Phosphorus identified as the missing link in evolution of animals

Oct 31, 2010
A close-up of the cyanobacteria producing oxygen. (Photo byTanja Bosak, Massachusettes Institute of Technology.)

(PhysOrg.com) -- A University of Alberta geomicrobiologist and his PhD student are part of a research team that has identified phosphorus as the mystery ingredient that pushed oxygen levels in the oceans high enough to establish the first animals on Earth.

The U of A’s Kurt Konhauser, student Stefan Lalonde and others re-examined established theories about the of the oceans in the wake of the last great glacier to encircle the planet.

Konhauser used one of his 2007 research papers, published in the journal Science, to focus the research team’s work on the mineral content within bands of iron found in rock layers of ancient seabeds.

“Theories published before 2007 said was scarce throughout much of Earth’s history, but we found that that it was in fact plentiful,” said Konhauser.

The researchers say that during ’s most severe periods of glaciation, which occurred 750 to 580 million years ago, the planet was encircled with thick ice sheets.

“The key ingredient to the eventual oxidation of the oceans was found in the rubble of rock left behind when the glaciers receded,” said Lalonde. “We believe the glacial debris that washed into the oceans contained high concentrations of phosphorus.”

Phosphorus was essential to oxidation of the oceans, says Lalonde, because it sparked the growth of cyanobacteria, or blue-green-algae.

“The byproduct of blue-green-algae’s metabolic process is oxygen.”

“We’re not sure what the oxidation threshold level was,” says Konhauser, “but it finally reached a level favourable for animals to evolve.”

“[Our research] shows that phosphorus levels peaking between 750 and 635 million years ago at the very same time that complex life forms emerged,” said Lalonde. “That establishes our link between phosphorus and the evolution of animals.”

Konhauser and Lalonde were co-authors on the paper published Oct. 27 in Nature.

Explore further: Earthquakes occur in 4 parts of Alaska

More information: The evolution of the marine phosphate reservoir, Nature 467, 1088-1090 (28 October 2010) doi:10.1038/nature09485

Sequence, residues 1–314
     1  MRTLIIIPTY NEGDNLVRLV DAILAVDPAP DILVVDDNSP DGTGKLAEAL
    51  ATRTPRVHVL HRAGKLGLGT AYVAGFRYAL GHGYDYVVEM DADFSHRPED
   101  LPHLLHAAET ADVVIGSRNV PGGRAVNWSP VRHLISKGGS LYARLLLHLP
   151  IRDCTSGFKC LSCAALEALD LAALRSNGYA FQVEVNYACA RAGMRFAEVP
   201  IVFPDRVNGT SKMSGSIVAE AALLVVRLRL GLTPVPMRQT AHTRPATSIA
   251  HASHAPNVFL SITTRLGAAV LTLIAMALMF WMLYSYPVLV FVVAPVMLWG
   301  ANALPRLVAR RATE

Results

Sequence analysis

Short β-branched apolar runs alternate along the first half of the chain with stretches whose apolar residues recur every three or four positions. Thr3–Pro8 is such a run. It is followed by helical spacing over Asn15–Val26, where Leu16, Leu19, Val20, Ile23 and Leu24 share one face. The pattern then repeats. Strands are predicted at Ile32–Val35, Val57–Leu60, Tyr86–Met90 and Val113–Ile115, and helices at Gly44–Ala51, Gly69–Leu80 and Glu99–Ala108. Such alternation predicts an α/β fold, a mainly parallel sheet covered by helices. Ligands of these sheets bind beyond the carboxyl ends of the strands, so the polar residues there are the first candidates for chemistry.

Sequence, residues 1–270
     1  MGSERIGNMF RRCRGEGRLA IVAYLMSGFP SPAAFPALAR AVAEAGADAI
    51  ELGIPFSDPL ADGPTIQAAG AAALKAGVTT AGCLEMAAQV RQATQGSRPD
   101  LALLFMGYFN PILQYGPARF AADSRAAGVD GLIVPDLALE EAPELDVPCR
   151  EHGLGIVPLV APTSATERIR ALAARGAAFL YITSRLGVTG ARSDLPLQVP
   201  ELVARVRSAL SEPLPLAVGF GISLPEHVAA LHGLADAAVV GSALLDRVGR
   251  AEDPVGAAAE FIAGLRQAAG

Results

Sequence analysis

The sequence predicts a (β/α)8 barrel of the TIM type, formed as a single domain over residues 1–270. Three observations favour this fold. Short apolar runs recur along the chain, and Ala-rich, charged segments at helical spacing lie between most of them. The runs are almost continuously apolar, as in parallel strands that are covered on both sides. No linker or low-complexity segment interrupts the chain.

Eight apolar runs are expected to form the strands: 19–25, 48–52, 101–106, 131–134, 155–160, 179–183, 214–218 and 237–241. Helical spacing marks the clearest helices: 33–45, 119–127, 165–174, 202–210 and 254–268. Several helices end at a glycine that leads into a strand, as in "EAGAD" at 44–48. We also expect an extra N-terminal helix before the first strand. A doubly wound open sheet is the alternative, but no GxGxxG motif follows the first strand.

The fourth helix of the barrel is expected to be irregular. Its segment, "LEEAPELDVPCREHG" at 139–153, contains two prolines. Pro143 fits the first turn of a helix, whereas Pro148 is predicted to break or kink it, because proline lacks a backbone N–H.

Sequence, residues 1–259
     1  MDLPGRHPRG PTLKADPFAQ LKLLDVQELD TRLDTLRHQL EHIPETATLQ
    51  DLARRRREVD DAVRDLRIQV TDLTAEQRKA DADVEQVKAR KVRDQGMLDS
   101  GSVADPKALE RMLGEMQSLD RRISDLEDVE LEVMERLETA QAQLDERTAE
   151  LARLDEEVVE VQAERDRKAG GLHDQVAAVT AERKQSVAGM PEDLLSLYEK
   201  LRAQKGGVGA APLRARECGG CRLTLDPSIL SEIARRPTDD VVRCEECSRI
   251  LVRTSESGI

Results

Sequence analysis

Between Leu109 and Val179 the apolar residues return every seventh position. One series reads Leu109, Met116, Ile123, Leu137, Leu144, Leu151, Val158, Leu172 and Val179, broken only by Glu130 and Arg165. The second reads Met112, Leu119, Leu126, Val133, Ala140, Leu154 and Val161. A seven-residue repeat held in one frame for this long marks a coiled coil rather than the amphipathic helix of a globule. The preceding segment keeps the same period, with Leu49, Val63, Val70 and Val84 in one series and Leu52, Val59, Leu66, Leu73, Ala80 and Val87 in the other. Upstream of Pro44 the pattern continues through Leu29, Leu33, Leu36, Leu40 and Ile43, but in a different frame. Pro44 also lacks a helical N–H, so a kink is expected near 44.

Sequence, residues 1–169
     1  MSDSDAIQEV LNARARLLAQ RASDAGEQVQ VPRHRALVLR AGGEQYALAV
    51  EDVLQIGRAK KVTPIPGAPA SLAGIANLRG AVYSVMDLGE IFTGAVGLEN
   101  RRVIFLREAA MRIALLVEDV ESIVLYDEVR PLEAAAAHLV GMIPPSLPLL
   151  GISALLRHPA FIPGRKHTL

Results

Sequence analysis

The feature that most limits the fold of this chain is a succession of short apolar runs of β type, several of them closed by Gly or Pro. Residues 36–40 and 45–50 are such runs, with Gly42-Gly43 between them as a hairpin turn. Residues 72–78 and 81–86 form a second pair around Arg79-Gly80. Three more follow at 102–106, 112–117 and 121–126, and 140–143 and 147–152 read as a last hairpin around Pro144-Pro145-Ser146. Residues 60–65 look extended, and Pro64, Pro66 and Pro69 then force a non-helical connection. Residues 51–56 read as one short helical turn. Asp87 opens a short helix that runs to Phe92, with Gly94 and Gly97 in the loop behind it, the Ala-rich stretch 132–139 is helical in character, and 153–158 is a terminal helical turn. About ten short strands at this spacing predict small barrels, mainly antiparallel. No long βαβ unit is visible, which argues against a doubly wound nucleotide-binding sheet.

Related Stories

Satisfying job leads to better mental health

Oct 14, 2010

(PhysOrg.com) -- If you want to have good mental health, it’s not enough to just have a job, you should also have a job that satisfies you, according to new research from The Australian National University. ...

A milestone for molecular beams

Oct 29, 2010

(PhysOrg.com) -- When we think of molecular collisions, we often consider massive colliders, like the LHC, sending particles smashing into each other at very high energies. While this is interesting work, ...

Device reveals more about Mars' atmosphere

Oct 12, 2010

Instruments designed by a UT Dallas professor to measure atmospheric components on the surface of Mars have uncovered important clues about the planet’s atmosphere and climate history.

Recommended for you

Tropical Storm Genevieve forms in Eastern Pacific

Jul 25, 2014

The seventh tropical depression of the Eastern Pacific Ocean formed and quickly ramped up to a tropical storm named "Genevieve." NOAA's GOES-West satellite captured an infrared image of the newborn storm ...

NASA maps Typhoon Matmo's Taiwan deluge

Jul 25, 2014

When Typhoon Matmo crossed over the island nation of Taiwan it left tremendous amounts of rainfall in its wake. NASA used data from the TRMM satellite to calculate just how much rain fell over the nation.

User comments : 1

Adjust slider to filter visible comments by rank

Display comments: newest first

jsa09
not rated yet Oct 31, 2010
Are we saying that cyanobacteria polluted the atmosphere with oxygen that led to eventual evolution of land animals.

We are happy to be breathing this atmospheric pollution.